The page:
I had one hour of 22F or 23F, beyond that I don't think It went below 27F or 28F on any of the other days.  The gorge can have an influence on my location when its windy.  Two days maxed out at 30F but the rest were well above freezing.  In most instances especially in winter my location is warmer than the core of Portland and I am generally warmer than on the west side except for when the east wind is blowing.

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MarkbVet
4 minutes ago, Chester B said:

Which palm Serenoa or Butia?  I have a fairly big Butia odorata with a few feet of trunk now.  About 12' or so wide and just as high - it does flower and this year was the first time the fruit matured before winter.  Butia are not an issue here, but up in BC they seem to be.  I would consider them to be a moderate to fast grower, I think this year the big one threw 8 fronds.  I also have an eriospatha that I think will take off this summer, it's only 4-5' in height. 

In comparison my remaining Serenoa is only about '6-7" tall in comparison and has been in the ground for just about as long.

I had one hour of 22F or 23F, beyond that I don't think It went below 27F or 28F on any of the other days.  The gorge can have an influence on my location when its windy.  Two days maxed out at 30F but the rest were well above freezing.  In most instances especially in winter my location is warmer than the core of Portland and I am generally warmer than on the west side except for when the east wind is blowing.

was talking about S. repens.    My B. odorata is growing well and fruiting--  I have flower spathes coming up in very early spring, kinda surprising.  Gonna save fruit and make jam next year maybe.  Sounds like you got a bit colder than I did last week; I benefit from being away from the gorge, so i usually don't experience the coldest central Oregon winds that come out of the gorge sometimes. 

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NWpalms@206

Well when watering today I noticed the super mules spears looked a little crispy, gave a light tug and out came the spears. Damnit, I’m sure it’s caused by the transplant but don’t know why, no others (and all 6 of Patrick’s ok thankfully) did this. The spears were dried up, and dark at the bottom with a little bit of what looks like white mold.  So now what? I poured about a half cup of hydrogen peroxide down each hole. Can these live or that a death sentence at this age? Should have left in the 1 gal til spring and gone straight in the ground. The rest of the plant looks perfect just the spears dried and pulled. More peroxide daily?

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Chester B

Treat with copper fungicide, don't over water or overhead water, and wait.   It could take a few months to see signs of life.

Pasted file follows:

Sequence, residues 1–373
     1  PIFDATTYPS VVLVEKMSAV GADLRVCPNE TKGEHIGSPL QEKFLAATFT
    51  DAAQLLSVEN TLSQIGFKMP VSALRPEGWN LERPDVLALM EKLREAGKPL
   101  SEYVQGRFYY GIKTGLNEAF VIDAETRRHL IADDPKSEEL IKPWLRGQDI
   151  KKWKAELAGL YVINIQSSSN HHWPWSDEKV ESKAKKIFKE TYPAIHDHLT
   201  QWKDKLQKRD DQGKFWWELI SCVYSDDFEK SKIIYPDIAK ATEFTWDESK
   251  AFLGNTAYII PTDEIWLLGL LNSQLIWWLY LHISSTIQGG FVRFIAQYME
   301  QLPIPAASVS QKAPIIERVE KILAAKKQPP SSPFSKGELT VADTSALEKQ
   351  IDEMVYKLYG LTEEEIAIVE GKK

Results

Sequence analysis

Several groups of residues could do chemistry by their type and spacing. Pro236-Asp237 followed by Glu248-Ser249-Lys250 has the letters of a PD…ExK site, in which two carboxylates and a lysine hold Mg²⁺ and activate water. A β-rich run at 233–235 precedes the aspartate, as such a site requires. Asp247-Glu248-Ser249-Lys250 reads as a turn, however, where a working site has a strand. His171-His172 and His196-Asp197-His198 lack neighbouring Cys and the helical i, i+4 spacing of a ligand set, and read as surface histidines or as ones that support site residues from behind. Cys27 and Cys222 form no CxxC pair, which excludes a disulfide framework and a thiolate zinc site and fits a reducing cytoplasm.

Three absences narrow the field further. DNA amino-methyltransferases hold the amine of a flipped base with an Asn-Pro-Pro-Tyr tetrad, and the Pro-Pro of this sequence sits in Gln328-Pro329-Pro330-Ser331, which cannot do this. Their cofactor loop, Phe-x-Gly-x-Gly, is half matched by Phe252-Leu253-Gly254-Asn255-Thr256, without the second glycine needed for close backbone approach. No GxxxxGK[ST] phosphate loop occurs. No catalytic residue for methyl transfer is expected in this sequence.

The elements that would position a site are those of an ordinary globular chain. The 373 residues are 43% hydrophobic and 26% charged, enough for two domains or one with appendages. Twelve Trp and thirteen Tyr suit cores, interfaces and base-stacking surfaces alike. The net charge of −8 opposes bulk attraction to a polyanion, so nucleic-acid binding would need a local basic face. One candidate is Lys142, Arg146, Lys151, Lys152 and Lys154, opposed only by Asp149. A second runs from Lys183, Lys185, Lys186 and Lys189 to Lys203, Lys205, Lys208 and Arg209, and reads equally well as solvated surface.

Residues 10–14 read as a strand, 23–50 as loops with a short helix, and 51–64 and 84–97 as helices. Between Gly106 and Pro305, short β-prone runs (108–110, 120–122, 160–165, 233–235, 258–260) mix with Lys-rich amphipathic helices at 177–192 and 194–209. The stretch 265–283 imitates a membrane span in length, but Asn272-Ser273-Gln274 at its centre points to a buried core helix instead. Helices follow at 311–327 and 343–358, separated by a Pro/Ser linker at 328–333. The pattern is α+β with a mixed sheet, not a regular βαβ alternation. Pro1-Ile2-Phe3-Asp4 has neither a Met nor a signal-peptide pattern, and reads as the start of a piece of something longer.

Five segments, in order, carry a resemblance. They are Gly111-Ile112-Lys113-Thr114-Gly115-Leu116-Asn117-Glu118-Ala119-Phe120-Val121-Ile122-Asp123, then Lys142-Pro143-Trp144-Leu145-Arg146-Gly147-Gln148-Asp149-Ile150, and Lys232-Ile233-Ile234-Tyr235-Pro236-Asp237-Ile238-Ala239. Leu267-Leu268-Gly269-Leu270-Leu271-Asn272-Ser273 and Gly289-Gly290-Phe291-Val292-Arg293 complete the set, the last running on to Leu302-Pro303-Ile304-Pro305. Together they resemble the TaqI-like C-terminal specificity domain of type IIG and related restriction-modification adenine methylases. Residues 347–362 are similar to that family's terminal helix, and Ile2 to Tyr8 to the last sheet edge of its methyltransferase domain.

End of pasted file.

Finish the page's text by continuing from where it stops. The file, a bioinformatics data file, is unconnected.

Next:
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NWpalms@206
8 minutes ago, Chester B said:

Treat with copper fungicide, don't over water or overhead water, and wait.   It could take a few months to see signs of life.

Just watered right before noticing, I’ll let it dry out and treat with the copper fungicide. Definitely a set back for these 2 and hope they make it. 

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NWpalms@206

Copper fungicide and peroxide?  pouring peroxide on it does soak it. 

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Chester B

If you're going to use the peroxide, after it reacts it turns to water so you'll want to get it out so you don't have a pool of water in the hole.  People are mixed on the peroxide.

If it were me,  I would make sure its dry, treat with fungicide and wait.

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Love them palms

here's 3 that took the 13F artic blast in Mukilteo Washington Z8B no damage yet(hopefully) Jubaea x Butia and 2 Patrick Schafer crosses-Jubaea xBJ and BJ x Jubaea. covered with frost cloth ,no cable. second winter outside 

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NWpalms@206
34 minutes ago, Chester B said:

If you're going to use the peroxide, after it reacts it turns to water so you'll want to get it out so you don't have a pool of water in the hole.  People are mixed on the peroxide.

If it were me,  I would make sure its dry, treat with fungicide and wait.

So I went and got copper fungicide, and it’s liquid, I got a little anxious and poured about 2 oz peroxide down the hole on each, then gave it about an hour and used a syringe to put the strangely Blue copper fungicide right down the hole. Unfortunately I had just watered which now I think was the problem overwatering. And they’ve just gotten treated with peroxide and liquid copper fungicide. So the last thing it is, is dry now. But got fans on em and am gonna set the pots on some bricks to get airflow under and no more watering until it’s dry as a bone. Guess thats all  I can do. Freakin Bummer but the plants look green and lush otherwise so fingers crossed. 

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Trustandi

@NWpalms@206 you could also use paper towel inside the hole to absorb the extra liquid. We need to keep it dry.

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Chester B